Florida v. Riley 488 U.S. 445, 109 S. Ct. 693, 102 L. Ed.2d 835 (1989)
Riley owned a greenhouse.
Someone gave the police a tip that Riley was growing marijuana.
A police helicopter flew
overhead at a pretty low altitude and the pilot looked through a hole in
the roof of the greenhouse and saw that he was growing drugs.
The plants were not visible
from the street.
A warrant was issued, Riley's
greenhouse was searched, and he was arrested for drug possession.
At trial, Riley argued that he
had a reasonable expectation of privacy and so there was an unreasonable search and seizure and therefore violated the 4th
The Trial Judge granted the
motion to suppress and dismissed the charged. The prosecutor appealed.
The Appellate Court reversed
and admitted the evidence. Riley appealed.
The Florida Supreme Court
reversed and granted the motion to suppress. The prosecutor appealed.
The US Supreme Court reversed
and found that Riley did not have a reasonable expectation of privacy.
The US Supreme Court found
that "any member of the public" could have flown over the
greenhouse at that altitude and seen the plants. Therefore they were
essentially open to public view.
In a concurring opinion it
was argued that the standard should not be whether the public could fly over Riley's greenhouse at that altitude,
but whether it was common
that they actually did.
The Court rejected Riley's
argument that he had a subjective expectation of privacy and instead
considered whether a reasonable person would have an objective
expectation of privacy.
While the US Supreme Court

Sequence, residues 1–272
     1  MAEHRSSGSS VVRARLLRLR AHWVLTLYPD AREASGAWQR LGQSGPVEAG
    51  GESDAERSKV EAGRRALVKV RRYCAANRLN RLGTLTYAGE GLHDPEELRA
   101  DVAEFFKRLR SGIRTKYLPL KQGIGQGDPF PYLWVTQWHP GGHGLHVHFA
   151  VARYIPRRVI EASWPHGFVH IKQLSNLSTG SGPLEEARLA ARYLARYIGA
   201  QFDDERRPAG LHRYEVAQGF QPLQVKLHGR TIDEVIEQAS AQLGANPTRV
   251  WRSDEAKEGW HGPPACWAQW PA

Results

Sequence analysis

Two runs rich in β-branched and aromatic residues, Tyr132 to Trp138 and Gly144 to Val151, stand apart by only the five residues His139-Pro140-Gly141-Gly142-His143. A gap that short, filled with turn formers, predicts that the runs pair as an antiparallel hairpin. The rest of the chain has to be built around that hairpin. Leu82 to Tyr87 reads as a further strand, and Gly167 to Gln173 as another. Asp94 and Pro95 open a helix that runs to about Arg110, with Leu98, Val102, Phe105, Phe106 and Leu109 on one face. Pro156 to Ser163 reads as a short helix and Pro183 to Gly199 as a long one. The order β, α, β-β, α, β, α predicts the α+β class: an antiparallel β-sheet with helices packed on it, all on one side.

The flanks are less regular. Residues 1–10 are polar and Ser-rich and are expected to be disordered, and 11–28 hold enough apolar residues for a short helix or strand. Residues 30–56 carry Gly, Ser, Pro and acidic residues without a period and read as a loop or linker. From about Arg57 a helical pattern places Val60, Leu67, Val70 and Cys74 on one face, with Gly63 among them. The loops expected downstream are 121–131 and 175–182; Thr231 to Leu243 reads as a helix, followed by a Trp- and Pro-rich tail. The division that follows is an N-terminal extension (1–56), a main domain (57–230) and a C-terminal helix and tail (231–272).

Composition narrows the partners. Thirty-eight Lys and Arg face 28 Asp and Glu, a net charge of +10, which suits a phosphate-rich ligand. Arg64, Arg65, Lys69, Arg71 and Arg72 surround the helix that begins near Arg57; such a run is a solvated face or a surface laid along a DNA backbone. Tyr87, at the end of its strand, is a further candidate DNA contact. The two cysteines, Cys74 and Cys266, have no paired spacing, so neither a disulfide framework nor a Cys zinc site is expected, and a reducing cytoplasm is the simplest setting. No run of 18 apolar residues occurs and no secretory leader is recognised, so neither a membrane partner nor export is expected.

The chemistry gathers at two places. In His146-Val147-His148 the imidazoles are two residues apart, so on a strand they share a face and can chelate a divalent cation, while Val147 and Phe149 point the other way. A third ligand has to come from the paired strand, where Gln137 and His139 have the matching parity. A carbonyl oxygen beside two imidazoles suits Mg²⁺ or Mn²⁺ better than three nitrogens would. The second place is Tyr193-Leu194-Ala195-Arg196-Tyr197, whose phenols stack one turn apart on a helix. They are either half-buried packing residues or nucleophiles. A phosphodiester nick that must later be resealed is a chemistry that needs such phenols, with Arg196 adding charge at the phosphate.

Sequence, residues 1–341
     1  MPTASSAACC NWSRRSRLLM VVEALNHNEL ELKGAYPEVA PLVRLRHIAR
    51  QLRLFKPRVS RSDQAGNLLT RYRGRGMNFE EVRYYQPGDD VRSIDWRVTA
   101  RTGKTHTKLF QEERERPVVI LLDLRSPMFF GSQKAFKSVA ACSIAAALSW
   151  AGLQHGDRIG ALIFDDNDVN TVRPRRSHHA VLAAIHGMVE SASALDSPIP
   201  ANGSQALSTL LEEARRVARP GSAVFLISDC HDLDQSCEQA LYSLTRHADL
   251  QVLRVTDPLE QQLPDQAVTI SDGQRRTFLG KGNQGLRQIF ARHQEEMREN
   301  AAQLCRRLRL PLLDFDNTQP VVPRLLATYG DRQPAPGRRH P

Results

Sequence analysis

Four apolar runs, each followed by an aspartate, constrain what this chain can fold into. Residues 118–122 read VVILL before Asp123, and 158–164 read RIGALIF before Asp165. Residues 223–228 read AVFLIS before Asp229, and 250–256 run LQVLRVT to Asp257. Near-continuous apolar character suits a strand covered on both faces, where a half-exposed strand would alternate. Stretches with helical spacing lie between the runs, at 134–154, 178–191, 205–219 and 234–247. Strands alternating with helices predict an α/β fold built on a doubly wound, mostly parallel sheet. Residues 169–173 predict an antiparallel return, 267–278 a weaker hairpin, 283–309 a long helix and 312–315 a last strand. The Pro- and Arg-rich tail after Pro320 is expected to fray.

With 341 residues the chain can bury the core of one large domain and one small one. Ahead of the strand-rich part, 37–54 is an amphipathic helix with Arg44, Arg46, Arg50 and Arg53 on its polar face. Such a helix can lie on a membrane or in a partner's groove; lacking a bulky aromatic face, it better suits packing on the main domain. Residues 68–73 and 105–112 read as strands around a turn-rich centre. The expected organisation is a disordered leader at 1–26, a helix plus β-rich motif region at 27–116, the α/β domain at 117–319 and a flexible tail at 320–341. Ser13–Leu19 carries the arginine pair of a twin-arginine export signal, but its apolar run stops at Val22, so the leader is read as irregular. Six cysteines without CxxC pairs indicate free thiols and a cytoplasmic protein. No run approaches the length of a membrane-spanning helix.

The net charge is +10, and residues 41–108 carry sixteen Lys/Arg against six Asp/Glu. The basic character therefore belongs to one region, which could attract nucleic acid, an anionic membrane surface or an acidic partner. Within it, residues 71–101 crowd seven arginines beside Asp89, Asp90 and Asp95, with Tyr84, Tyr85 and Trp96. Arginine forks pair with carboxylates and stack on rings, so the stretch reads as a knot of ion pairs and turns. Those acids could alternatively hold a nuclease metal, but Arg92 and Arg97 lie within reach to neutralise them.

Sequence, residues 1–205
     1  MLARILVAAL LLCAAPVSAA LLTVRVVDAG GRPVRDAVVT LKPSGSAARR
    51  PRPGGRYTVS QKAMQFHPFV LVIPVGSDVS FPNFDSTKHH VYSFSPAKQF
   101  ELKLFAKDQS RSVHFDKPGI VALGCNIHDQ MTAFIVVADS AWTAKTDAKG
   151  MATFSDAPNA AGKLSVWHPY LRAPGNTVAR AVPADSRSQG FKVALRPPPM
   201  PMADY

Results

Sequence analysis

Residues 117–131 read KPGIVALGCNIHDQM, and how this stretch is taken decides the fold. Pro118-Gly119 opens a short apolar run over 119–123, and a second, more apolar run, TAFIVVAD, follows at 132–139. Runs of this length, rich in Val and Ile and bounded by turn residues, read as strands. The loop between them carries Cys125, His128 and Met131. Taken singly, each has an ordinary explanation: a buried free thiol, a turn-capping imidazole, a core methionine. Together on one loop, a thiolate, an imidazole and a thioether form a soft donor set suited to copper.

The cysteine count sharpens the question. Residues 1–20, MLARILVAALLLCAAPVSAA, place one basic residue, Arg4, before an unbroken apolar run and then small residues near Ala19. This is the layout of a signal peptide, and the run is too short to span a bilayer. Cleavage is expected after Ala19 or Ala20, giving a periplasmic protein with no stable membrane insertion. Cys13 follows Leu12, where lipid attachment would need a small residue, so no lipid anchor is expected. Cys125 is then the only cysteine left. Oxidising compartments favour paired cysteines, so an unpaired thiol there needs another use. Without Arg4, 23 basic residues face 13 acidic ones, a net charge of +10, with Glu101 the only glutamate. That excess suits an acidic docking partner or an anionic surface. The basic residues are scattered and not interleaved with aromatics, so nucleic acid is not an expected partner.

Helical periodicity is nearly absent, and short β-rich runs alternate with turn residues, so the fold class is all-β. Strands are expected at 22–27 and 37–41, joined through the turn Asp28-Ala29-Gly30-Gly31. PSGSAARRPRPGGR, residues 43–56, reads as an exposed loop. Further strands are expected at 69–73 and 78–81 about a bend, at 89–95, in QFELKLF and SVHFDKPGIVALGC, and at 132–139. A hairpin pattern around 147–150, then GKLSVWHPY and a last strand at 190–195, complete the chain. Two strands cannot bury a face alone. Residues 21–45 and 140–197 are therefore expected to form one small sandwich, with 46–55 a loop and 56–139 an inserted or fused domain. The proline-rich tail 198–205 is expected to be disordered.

found that in this instance there was no violation, it would be possible
for there to be a violation in other circumstances.
If the police helicopter
was flying at an altitude that the general public was not allowed to fly
If the flight interfered in
the normal use of the property (by kicking up dust and making noise).
In a dissent, it was argued
that unless it could be shown that ordinary citizens were regularly in the
air above Riley's greenhouse, he would have an expectation of privacy.
The reasonableness of
Riley's expectation of privacy depends, in large measure, on the
frequency of non-police helicopter flights at an altitude of 400
The dissenters disagreed on
whether the burden of proof lay with Riley or with the State. Who is
responsible for putting on evidence about how common the flights are?
You could argue that this
situation was similar to having a police officer stand on a public road
and look through a window.
Would it make a difference
if it was a very isolated road that few people ever used?
Compare this case to California
v. Greenwood (486 U.S. 35). In that
case, the police were rummaging through a suspect's garbage. People don't
ordinarily have their garbage rummaged through, but that search was
considered ok by the courts.
Compare to Kyllo v. United
States (533 U.S. 27) where the police
used an expensive thermal imaging camera to search for drugs. In that
case the court found that just because something is possible for ordinary
people to have/use, that doesn't make it ok for the police to use it.